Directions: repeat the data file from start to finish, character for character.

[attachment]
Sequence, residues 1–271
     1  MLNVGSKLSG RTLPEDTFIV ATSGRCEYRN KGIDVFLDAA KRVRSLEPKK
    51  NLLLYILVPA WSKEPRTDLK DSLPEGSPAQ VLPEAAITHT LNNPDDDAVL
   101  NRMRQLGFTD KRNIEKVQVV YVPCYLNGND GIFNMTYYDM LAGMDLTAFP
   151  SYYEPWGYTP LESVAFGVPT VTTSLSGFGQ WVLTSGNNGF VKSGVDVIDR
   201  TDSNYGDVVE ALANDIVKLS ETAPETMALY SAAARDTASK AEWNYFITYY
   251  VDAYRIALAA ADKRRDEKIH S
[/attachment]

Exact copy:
Sequence, residues 1–271
     1  MLNVGSKLSG RTLPEDTFIV ATSGRCEYRN KGIDVFLDAA KRVRSLEPKK
    51  NLLLYILVPA WSKEPRTDLK DSLPEGSPAQ VLPEAAITHT LNNPDDDAVL
   101  NRMRQLGFTD KRNIEKVQVV YVPCYLNGND GIFNMTYYDM LAGMDLTAFP
   151  SYYEPWGYTP LESVAFGVPT VTTSLSGFGQ WVLTSGNNGF VKSGVDVIDR
   201  TDSNYGDVVE ALANDIVKLS ETAPETMALY SAAARDTASK AEWNYFITYY
   251  VDAYRIALAA ADKRRDEKIH S